One of the most important questions in HIV/hepatitis C virus (HCV)–coinfected patients is the relationship between exposure to antiretroviral therapy (ART) and liver fibrosis. Individual instances of ART-related liver toxicity are well documented, and liver enzyme levels increase to more than 5 times the upper limit of normal in approximately 10% of persons starting new ART.1 However, in some studies, HIV/HCV–coinfected persons taking ART actually had less liver disease.2, 3
As the letter from Macias and colleagues indicates, there are similarities and differences between the results of our studies and others.2–4 In a cohort of 210 HIV/HCV–coinfected persons, we failed to detect less or more liver fibrosis among persons treated with effective ART.5 This finding contrasts with the results of two other studies that suggested ART use might reduce liver fibrosis.2, 3 On the other hand, we did observe that longer and more effective ART was associated with decreased necroinflammatory activity. Because greater necroinflammatory activity was associated with more severe fibrosis in this study, it is possible that a link between ART and fibrosis will manifest itself as individuals have longer exposure to ART. Another difference is that Macias and colleagues observed more advanced fibrosis among those receiving nevirapine, but we failed to detect an association between any specific drug and fibrosis.4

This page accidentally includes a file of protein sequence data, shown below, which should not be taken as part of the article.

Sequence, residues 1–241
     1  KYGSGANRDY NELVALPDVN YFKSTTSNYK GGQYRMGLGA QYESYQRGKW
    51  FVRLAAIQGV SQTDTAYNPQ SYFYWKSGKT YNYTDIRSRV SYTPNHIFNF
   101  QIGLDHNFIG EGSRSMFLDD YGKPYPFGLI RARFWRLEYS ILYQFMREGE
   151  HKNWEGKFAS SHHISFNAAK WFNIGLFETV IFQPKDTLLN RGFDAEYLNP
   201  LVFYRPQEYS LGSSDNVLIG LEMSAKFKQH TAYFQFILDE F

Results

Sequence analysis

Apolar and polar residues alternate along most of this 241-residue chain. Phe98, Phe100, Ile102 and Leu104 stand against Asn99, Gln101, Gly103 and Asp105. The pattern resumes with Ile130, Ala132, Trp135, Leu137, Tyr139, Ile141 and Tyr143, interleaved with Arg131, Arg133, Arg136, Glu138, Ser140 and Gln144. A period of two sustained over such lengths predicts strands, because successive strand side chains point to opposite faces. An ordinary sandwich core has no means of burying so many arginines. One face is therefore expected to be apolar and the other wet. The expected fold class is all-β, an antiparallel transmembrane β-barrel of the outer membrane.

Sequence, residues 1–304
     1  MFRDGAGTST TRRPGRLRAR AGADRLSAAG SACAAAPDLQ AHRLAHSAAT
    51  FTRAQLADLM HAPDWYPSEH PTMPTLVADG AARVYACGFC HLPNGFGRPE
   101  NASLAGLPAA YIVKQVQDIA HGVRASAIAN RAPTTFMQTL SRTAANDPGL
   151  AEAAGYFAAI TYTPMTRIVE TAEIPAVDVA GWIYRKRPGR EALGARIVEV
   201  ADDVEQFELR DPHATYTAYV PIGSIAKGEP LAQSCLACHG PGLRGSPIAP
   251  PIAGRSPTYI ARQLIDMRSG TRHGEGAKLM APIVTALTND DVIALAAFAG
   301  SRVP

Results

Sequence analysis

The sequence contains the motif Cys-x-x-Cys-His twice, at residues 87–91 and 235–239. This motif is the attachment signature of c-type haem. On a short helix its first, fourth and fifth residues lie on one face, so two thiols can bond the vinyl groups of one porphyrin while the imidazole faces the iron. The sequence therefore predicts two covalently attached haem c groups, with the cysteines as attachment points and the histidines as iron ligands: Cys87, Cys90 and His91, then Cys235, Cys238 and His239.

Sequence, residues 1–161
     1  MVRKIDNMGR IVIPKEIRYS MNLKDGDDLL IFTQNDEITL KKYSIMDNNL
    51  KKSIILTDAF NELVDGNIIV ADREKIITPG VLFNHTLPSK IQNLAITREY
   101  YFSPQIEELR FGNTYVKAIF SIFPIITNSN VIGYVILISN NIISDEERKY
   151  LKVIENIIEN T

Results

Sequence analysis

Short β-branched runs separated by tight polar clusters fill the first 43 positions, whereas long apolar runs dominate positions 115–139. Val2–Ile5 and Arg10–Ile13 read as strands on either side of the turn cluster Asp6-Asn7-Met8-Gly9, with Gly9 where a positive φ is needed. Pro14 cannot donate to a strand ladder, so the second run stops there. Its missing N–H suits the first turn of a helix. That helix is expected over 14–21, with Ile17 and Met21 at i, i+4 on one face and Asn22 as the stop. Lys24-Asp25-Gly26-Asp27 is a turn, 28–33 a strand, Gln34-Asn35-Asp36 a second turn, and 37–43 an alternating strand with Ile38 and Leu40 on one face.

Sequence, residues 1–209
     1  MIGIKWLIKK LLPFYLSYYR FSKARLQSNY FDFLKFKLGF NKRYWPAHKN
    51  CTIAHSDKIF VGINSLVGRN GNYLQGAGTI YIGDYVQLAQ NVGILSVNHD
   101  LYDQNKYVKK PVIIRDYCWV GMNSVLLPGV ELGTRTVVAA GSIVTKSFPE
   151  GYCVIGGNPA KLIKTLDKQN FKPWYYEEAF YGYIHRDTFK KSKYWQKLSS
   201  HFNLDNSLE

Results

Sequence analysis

Why the differences? The study populations themselves are different in ways that could affect the findings, because it is impossible to completely account for the multiple confounding factors such as alcohol use, duration of HCV infection, and ART. In these relatively small cross-sectional studies, these types of exposures are difficult to measure accurately. In addition, studies typically only measure these factors at one point in time, which is insufficient to fully account for the variability of these changing exposures.
Whereas the differences between studies remain unresolved, the evidence collectively suggests that ART does not adversely affect liver fibrosis among most HIV/HCV–coinfected patients. Prospective studies with longer follow-up are needed to infer causality from the suggested associations.